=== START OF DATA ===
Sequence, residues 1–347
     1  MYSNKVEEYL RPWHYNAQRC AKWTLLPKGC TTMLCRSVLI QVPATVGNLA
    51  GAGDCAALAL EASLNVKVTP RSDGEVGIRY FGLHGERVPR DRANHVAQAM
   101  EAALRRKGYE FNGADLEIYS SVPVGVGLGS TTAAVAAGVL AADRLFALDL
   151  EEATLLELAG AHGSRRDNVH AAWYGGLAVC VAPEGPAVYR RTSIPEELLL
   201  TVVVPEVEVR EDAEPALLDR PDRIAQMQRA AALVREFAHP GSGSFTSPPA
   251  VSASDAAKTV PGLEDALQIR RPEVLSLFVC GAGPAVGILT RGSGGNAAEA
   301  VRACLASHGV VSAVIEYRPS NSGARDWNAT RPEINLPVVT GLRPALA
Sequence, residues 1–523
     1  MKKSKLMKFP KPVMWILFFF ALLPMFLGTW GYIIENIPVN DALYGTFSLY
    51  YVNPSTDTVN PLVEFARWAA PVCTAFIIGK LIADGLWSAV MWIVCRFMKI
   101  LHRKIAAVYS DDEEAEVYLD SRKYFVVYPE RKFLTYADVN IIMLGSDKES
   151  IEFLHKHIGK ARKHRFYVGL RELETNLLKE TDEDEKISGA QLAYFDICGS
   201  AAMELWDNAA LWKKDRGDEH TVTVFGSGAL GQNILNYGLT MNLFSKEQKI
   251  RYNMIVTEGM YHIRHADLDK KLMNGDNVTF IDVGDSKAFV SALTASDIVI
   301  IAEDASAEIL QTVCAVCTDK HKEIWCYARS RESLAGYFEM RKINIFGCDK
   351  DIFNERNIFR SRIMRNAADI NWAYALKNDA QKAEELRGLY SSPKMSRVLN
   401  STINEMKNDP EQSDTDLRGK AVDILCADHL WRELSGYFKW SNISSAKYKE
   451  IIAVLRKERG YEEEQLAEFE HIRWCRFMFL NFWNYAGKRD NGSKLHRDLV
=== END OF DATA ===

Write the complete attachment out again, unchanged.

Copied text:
Sequence, residues 1–347
     1  MYSNKVEEYL RPWHYNAQRC AKWTLLPKGC TTMLCRSVLI QVPATVGNLA
    51  GAGDCAALAL EASLNVKVTP RSDGEVGIRY FGLHGERVPR DRANHVAQAM
   101  EAALRRKGYE FNGADLEIYS SVPVGVGLGS TTAAVAAGVL AADRLFALDL
   151  EEATLLELAG AHGSRRDNVH AAWYGGLAVC VAPEGPAVYR RTSIPEELLL
   201  TVVVPEVEVR EDAEPALLDR PDRIAQMQRA AALVREFAHP GSGSFTSPPA
   251  VSASDAAKTV PGLEDALQIR RPEVLSLFVC GAGPAVGILT RGSGGNAAEA
   301  VRACLASHGV VSAVIEYRPS NSGARDWNAT RPEINLPVVT GLRPALA
Sequence, residues 1–523
     1  MKKSKLMKFP KPVMWILFFF ALLPMFLGTW GYIIENIPVN DALYGTFSLY
    51  YVNPSTDTVN PLVEFARWAA PVCTAFIIGK LIADGLWSAV MWIVCRFMKI
   101  LHRKIAAVYS DDEEAEVYLD SRKYFVVYPE RKFLTYADVN IIMLGSDKES
   151  IEFLHKHIGK ARKHRFYVGL RELETNLLKE TDEDEKISGA QLAYFDICGS
   201  AAMELWDNAA LWKKDRGDEH TVTVFGSGAL GQNILNYGLT MNLFSKEQKI
   251  RYNMIVTEGM YHIRHADLDK KLMNGDNVTF IDVGDSKAFV SALTASDIVI
   301  IAEDASAEIL QTVCAVCTDK HKEIWCYARS RESLAGYFEM RKINIFGCDK
   351  DIFNERNIFR SRIMRNAADI NWAYALKNDA QKAEELRGLY SSPKMSRVLN
   401  STINEMKNDP EQSDTDLRGK AVDILCADHL WRELSGYFKW SNISSAKYKE
   451  IIAVLRKERG YEEEQLAEFE HIRWCRFMFL NFWNYAGKRD NGSKLHRDLV